The Spokane String Quartet Tuesday, Nov. 18, The Met
Romantic music can be powerful stuff, or merely beautiful. The Spokane String Quartet opened its 1997-98 season Tuesday night at The Met with gripping performances of two of the most intense masterpieces of the 19th century. Neither beauty nor power was sacrificed in either performance.
Franz Schubert’s last string quartet, the Quartet No. 15 in G major, is a long piece, taking about 45 minutes to play. But it summarizes Schubert’s emotional world - the drama, the sweetness, the anger, the playfulness - in a way no shorter work could contain. It is hard to imagine this quartet as the work written by a 28-year-old.
It was a daring move to begin any concert, let alone a season opener, with a work so emotionally and physically exhausting. The dare paid off.
There were patches of wayward intonation as the violins soared into their highest registers and minor slips here and there. But nothing really important stood between the audience and Spokane Quartet’s journey through Schubert’s intense emotional terrain. Gentle passages were interrupted with whiplash chords. Kelly Farris’ violin often followed John Marshall’s cello like a shadow, echoing or elaborating the cello’s themes. The group brought a playful bounce to the finale, but the players made clear the undercurrent of restless uncertainty Schubert expressed even in the most joyous moments of this work.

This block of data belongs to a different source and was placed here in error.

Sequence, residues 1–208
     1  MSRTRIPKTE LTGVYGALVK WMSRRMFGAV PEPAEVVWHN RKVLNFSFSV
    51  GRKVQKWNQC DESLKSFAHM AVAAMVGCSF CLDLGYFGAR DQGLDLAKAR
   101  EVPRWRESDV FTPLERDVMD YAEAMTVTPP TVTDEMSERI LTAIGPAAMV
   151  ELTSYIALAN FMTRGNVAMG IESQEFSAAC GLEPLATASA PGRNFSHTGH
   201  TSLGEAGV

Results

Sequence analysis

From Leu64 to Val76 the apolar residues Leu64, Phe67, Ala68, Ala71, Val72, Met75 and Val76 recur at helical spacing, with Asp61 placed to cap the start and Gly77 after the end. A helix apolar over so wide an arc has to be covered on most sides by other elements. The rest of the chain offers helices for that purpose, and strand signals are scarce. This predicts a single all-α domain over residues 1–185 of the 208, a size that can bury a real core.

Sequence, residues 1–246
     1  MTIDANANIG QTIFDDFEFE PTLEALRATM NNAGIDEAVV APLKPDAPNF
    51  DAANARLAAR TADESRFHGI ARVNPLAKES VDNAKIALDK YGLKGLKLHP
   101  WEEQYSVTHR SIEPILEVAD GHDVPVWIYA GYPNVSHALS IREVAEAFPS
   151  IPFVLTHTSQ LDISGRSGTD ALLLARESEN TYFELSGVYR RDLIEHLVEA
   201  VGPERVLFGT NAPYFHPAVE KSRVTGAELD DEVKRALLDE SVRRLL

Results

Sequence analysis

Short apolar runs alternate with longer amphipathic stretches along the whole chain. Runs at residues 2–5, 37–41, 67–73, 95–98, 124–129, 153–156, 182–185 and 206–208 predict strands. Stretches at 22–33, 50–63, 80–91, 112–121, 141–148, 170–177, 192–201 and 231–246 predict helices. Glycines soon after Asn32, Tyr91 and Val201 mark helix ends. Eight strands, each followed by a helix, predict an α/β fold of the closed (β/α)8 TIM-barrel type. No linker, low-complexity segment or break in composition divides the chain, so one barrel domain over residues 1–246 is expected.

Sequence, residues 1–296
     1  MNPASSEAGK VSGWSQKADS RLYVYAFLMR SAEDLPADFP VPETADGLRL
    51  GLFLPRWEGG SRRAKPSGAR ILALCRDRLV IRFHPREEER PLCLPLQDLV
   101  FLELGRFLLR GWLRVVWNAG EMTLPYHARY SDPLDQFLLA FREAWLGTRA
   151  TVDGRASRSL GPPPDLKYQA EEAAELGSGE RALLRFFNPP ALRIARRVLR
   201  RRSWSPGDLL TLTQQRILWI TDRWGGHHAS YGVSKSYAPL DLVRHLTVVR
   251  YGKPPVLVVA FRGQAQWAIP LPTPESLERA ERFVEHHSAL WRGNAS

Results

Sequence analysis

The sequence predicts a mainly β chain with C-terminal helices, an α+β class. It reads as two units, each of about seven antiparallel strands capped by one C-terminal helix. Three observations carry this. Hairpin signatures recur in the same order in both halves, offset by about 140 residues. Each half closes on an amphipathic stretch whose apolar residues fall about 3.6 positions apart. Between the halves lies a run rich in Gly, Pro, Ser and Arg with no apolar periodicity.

Pianist James Edmonds joined three members of the quartet for Brahms’ Piano Quartet in C minor, a work equally demanding for its turbulent intensity. In 35 years of hearing Edmonds’ work as a soloist - but mainly as a consummate chamber player and as an unrivaled accompanist - I have always stood in awe of his gifts as a collaborative musician. His playing Tuesday simply reconfirmed my admiration.
This Brahms’ Piano Quartet contains some of the most autobiographical music Brahms ever wrote. As the quartet’s new violist Karen Walthinsen said in remarks before the work was played, it reflects the composer’s turbulent feelings for Clara Schumann, wife of Brahms’ mentor Robert Schumann. The love and anguish and despair was all there in Tuesday’s performance. Bravo to Marshall for his ardent playing of Brahms’ great “love song” in the cello solo of the Andante.
Another bravo to Tuesday’s Met audience - quiet, attentive and enthusiastic.
It was a reminder of just how important a fine audience is to a fine performance.
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